Lu Ann: Studies show that our brain becomes more engaged and creates new neuropathways when we are doing new things. When we’re not, the days go by and you can’t even remember what you did, because the brain doesn’t have to think about your daily activities. When I was stuck, I wasn’t doing new things, I wasn’t experiencing, I wasn’t learning, I wasn’t growing. I had become very comfortable. I think that’s common – we love doing the same thing over and over again. Doing the new requires us to be ok with being a little out of control and taking risks. You have to learn that’s where the rewards are, and you only learn that by experiencing it over and over again. Then you realize it’s a great thing. I think it’s part of the secret of life. We all should be living this way: do the new. When we don’t, we get stuck.

Q: What was the first new thing you did?

Lu Ann: To get started, I made a list of things I’d never done before. I wanted something to do on day one that would set me on the right path, and I thought of the Polar Bear Plunge, where people run into the ocean in the freezing cold. I used to think people who did that were crazy. I hate the cold. I don’t go into the ocean in the summer. So I thought, “Perfect. We’re going to the Jersey Shore.”

Q: Did you take the plunge?

Lu Ann: I was standing there, my knees were shaking, my heart was racing, and I was thinking, “I do not want to do this.” The bullhorn goes off and this guy in a speedo – who I did not know – grabs my hand and we start running into the freezing surf. I fall and get completely wet, even my hair got wet, and before I know it, Speedo guy comes back, grabs me by the hand again, and pulls me out of the water. We run back to shore, and he’s screaming, “We did it!”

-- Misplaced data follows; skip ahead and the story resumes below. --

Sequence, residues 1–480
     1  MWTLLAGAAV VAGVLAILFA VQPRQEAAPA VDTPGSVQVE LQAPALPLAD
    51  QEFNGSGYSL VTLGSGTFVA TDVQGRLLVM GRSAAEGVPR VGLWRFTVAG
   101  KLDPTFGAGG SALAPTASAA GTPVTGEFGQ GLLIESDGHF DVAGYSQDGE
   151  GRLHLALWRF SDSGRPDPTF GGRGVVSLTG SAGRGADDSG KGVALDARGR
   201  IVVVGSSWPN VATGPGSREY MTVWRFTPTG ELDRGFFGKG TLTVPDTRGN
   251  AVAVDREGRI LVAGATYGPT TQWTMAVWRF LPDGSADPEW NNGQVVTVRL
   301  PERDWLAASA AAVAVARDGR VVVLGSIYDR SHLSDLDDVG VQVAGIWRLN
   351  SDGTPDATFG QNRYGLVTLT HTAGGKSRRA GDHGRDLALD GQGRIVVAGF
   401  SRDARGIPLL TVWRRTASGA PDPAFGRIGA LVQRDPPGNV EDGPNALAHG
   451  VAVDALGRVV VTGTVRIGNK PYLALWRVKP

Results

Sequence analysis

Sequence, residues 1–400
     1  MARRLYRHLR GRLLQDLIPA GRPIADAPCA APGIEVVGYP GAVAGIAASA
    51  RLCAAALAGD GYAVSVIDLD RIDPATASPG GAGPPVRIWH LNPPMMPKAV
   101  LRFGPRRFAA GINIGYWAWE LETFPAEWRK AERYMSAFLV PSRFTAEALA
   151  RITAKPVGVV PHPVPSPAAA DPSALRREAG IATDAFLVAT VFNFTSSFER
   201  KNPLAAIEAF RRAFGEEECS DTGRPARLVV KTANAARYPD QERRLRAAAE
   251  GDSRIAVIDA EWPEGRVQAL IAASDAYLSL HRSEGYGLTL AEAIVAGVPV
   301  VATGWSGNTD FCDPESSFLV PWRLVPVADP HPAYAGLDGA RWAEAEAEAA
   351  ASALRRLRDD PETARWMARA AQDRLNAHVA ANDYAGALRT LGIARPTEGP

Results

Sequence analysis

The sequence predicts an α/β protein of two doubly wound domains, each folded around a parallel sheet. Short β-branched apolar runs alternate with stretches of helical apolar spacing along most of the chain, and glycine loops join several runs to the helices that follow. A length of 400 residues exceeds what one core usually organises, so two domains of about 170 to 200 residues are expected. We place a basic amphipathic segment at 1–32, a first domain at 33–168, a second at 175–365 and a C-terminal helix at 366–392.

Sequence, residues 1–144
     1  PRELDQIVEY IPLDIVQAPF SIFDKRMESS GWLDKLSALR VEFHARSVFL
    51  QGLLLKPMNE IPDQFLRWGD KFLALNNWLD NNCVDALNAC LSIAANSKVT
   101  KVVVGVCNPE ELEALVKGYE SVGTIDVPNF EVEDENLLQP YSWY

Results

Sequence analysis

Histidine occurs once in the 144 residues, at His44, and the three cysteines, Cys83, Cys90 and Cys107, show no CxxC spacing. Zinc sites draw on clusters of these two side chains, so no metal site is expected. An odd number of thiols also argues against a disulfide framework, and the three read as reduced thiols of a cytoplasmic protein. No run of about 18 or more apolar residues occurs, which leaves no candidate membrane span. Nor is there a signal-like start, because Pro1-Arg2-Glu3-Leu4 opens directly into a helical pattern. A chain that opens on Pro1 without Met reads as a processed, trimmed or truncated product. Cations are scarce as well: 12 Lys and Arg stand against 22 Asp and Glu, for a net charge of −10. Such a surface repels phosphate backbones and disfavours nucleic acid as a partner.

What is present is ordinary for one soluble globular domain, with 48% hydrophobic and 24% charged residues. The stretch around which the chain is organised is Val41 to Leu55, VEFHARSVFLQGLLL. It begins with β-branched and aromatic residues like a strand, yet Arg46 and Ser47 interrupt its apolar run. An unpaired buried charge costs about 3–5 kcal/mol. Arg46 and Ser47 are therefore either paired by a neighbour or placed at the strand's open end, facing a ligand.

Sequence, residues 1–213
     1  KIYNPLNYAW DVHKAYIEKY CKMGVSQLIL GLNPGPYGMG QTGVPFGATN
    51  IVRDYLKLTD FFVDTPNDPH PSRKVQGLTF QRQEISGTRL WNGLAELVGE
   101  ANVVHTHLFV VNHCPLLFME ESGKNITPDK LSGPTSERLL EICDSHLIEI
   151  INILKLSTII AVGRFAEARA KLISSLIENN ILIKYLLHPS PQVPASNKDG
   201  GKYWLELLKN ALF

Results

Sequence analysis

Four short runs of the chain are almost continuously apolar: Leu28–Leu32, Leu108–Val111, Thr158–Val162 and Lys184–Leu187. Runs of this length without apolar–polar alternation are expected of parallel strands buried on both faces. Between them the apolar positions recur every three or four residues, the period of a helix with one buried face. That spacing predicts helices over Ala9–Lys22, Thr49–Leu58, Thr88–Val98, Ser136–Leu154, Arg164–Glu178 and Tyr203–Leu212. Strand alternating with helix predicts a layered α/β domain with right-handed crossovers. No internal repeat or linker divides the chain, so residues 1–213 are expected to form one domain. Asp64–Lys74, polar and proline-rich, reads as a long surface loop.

There I was standing in my bathing suit, freezing, and I thought, “I’m so happy.” It didn’t make sense, but I felt courageous. I felt exhilarated and that I had accomplished something. I realized my daughter’s crazy idea was probably a good one, and I should keep going.

Q: Was it difficult to find new things to do?

Lu Ann: Sometimes friends would give me ideas. Sometimes people would just send me ideas after reading my blog. One of my friends suggested we do this crazy dancing in the dark with strangers thing – I hated it. One woman wrote me that she made hula hoops, and she wanted to teach me how to hula hoop. I loved that. I did the Color Run and a Mud Run. My friends know I’m always up for something new.

Q: Do you have advice if someone wants to start this?

Lu Ann: Make your list. List everything you’ve never done, never tried. And start telling people what you’re doing. Then start documenting: journaling, blogging, taking pictures. Write down what you’re feeling; it will help to see your progress. It also helps to find a friend who will go on this journey with you, and it may not be the person you think is your best friend right now. You don’t have to do it every day, but be open to it every day.

Q: When you speak to groups, what’s your message?

Lu Ann: If you feel like you’re slugging through to-do lists every day and you have no joy, this is a way to remember who you are when you are your best. This is a way to tap into that playful, daring, adventurous person who has done amazing things. And we all have done amazing things. We just sometimes forget.

February 2019